CAUTION; Asking Questions, Seeking the Truth can be dangerous.  Socrates could tell you a thing or two about that, Sgt Maurice McCabe of the Irish Gardai could provide some insights too.


In ‘Sophie’s World’, Sophie’s philosophical education continues, she learns about Socrates, one of the most famous of the Greek philosophers.  Socrates lived in Athens, about 450 BC.  He is famous for his habit of asking questions of people in the streets, in attempts to discover the truth and to help them discover the truth.  Socrates would start off by asking seemingly innocent questions and then slowly lead the interviewee into a more radical assessment of themselves and the world. All our knowledge about Socrates comes from the books of his pupil Plato.  Socrates always maintained that he, himself, was ignorant, “One thing only I know, and that is that I know nothing”, hence the need for all the questions.  That is a good basis for any philosopher, any spiritual traveler, to accept that we know nothing. Lesson 3 in “A Course in Miracles”, which we shall discuss at a later stage, is “I do not understand anything i see in this room”. While Lesson 5 is “I am never upset for the reason i think“. ‘A Course in Miracles’ consists of 365 such lessons, one for each day of the year and working your way through them will change the way you think.


Back to Socrates. He believed that he had no choice but to seek the truth, to ask questions. He described having a “divine voice” inside him, driving him on, insisting that he seek out the truth.  He believed that “He who knows what good is will do good”, and that only one who does right can be “virtuous”.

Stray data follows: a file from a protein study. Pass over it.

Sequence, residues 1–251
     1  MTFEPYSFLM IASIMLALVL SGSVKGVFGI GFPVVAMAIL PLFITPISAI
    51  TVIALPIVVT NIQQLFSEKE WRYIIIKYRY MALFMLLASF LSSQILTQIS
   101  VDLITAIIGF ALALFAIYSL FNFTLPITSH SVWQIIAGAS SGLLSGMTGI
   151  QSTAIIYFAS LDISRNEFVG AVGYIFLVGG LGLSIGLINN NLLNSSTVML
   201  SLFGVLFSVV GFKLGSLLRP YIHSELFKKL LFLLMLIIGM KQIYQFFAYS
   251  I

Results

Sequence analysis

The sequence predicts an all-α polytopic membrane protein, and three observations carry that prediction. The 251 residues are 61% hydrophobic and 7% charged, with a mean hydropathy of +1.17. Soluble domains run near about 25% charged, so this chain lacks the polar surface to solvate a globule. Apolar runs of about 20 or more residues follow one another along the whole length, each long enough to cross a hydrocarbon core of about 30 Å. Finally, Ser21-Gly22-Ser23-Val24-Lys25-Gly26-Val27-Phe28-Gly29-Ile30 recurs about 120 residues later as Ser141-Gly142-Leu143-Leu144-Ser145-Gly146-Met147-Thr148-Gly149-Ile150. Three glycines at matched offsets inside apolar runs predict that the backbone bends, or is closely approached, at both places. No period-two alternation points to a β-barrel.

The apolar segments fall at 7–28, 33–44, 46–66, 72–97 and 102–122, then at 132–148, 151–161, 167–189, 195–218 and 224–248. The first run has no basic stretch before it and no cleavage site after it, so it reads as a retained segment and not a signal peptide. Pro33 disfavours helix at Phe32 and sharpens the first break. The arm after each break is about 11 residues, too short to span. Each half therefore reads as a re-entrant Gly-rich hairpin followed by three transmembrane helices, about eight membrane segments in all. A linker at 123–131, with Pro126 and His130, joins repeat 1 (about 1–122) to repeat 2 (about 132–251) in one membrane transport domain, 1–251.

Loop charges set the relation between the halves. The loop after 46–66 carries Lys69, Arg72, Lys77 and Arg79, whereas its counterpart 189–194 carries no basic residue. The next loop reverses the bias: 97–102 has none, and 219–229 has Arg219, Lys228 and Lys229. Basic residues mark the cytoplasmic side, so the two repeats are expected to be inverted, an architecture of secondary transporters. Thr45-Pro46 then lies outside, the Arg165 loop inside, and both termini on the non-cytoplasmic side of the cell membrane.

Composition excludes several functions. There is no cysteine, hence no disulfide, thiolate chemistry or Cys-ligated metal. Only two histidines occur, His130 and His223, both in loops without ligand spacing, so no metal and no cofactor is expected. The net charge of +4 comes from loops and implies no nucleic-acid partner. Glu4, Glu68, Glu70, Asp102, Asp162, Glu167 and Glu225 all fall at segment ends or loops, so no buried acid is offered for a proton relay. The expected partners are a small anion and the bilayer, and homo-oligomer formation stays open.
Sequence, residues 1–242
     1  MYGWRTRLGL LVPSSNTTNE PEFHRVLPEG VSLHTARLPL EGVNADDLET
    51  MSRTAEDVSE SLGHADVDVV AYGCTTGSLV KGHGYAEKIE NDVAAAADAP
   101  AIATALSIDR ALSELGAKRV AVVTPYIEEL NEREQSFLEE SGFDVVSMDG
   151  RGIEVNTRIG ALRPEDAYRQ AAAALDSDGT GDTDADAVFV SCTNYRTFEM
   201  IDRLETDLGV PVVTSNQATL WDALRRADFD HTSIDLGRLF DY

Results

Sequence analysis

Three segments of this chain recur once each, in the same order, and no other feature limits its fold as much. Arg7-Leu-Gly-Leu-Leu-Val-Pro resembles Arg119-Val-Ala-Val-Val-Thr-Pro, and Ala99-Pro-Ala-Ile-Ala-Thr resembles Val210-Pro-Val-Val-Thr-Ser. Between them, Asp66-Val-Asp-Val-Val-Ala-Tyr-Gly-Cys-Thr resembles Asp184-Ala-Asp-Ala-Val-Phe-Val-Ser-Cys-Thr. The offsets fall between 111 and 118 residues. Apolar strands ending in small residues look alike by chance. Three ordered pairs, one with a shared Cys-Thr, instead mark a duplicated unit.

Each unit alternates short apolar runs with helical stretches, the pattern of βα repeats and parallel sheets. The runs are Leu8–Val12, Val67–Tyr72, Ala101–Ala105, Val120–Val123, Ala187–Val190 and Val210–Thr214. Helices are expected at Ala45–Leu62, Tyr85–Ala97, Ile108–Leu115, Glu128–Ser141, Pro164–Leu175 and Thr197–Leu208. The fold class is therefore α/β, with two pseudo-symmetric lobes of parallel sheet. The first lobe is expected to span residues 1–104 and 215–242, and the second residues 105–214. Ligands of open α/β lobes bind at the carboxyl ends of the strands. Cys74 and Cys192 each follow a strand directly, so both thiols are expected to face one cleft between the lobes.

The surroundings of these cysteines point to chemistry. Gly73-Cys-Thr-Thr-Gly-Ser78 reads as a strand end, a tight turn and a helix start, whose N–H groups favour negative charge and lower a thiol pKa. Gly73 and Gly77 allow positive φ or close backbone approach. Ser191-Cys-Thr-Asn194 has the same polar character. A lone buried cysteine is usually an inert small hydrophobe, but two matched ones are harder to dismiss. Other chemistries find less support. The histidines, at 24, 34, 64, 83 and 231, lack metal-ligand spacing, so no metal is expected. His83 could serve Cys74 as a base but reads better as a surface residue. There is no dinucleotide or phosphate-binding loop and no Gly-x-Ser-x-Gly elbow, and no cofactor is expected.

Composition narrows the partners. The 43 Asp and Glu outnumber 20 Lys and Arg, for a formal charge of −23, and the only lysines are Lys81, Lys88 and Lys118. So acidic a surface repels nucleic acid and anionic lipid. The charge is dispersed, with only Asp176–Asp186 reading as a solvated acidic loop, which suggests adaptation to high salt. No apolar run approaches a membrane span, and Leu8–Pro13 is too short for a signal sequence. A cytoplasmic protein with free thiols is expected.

Unfortunately for him, Socrates’ truth seeking was not well received by all and his questions, and his manner, (which apparently was somewhat abrupt), made him enemies, especially amongst the establishment.  He was accused of “introducing new gods and corrupting the truth” and tried, found guilty and sentenced to death by drinking hemlock. He could have chosen exile, or silence but Socrates, like other wise and principled people down through history, refused to surrender those principles.

Socrates preferred to surrender his life, and drank the hemlock, a poison, in his jail cell surrounded by his friends and pupils.


Many paintings of Socrates, drinking the hemlock while still debating some issue with his friends, have been painted over the years.  One of the most famous was painted by the French painter, Jacques-Louis David at the time of the French Revolution.  David certainly intended this scene as a rebuke to cringing souls. On the eve of the French Revolution, this picture served as a trumpet call to duty, to seeking the truth.

Keep asking the questions, don’t cringe from the truth, sometimes it is not so pleasant but remember the famous words attributed to Socrates, ‘An unexamined life is not worth living’

Live on my friends.


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